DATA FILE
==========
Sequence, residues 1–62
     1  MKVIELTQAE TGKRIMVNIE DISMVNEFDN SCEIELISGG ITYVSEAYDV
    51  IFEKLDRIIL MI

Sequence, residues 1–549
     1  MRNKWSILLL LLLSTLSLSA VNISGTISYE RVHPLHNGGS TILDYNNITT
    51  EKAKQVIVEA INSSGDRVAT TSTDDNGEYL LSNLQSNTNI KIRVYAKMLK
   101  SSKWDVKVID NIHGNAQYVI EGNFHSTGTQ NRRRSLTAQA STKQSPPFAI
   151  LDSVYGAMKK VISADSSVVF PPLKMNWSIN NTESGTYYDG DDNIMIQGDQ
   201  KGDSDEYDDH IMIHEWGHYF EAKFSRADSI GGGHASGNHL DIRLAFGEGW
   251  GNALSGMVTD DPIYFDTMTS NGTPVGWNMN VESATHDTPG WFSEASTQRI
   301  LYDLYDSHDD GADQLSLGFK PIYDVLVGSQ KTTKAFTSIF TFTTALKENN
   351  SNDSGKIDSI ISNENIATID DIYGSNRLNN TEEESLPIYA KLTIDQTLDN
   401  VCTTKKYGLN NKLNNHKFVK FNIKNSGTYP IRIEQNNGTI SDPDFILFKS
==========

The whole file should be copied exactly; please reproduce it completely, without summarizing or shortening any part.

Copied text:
Sequence, residues 1–62
     1  MKVIELTQAE TGKRIMVNIE DISMVNEFDN SCEIELISGG ITYVSEAYDV
    51  IFEKLDRIIL MI

Sequence, residues 1–549
     1  MRNKWSILLL LLLSTLSLSA VNISGTISYE RVHPLHNGGS TILDYNNITT
    51  EKAKQVIVEA INSSGDRVAT TSTDDNGEYL LSNLQSNTNI KIRVYAKMLK
   101  SSKWDVKVID NIHGNAQYVI EGNFHSTGTQ NRRRSLTAQA STKQSPPFAI
   151  LDSVYGAMKK VISADSSVVF PPLKMNWSIN NTESGTYYDG DDNIMIQGDQ
   201  KGDSDEYDDH IMIHEWGHYF EAKFSRADSI GGGHASGNHL DIRLAFGEGW
   251  GNALSGMVTD DPIYFDTMTS NGTPVGWNMN VESATHDTPG WFSEASTQRI
   301  LYDLYDSHDD GADQLSLGFK PIYDVLVGSQ KTTKAFTSIF TFTTALKENN
   351  SNDSGKIDSI ISNENIATID DIYGSNRLNN TEEESLPIYA KLTIDQTLDN
   401  VCTTKKYGLN NKLNNHKFVK FNIKNSGTYP IRIEQNNGTI SDPDFILFKS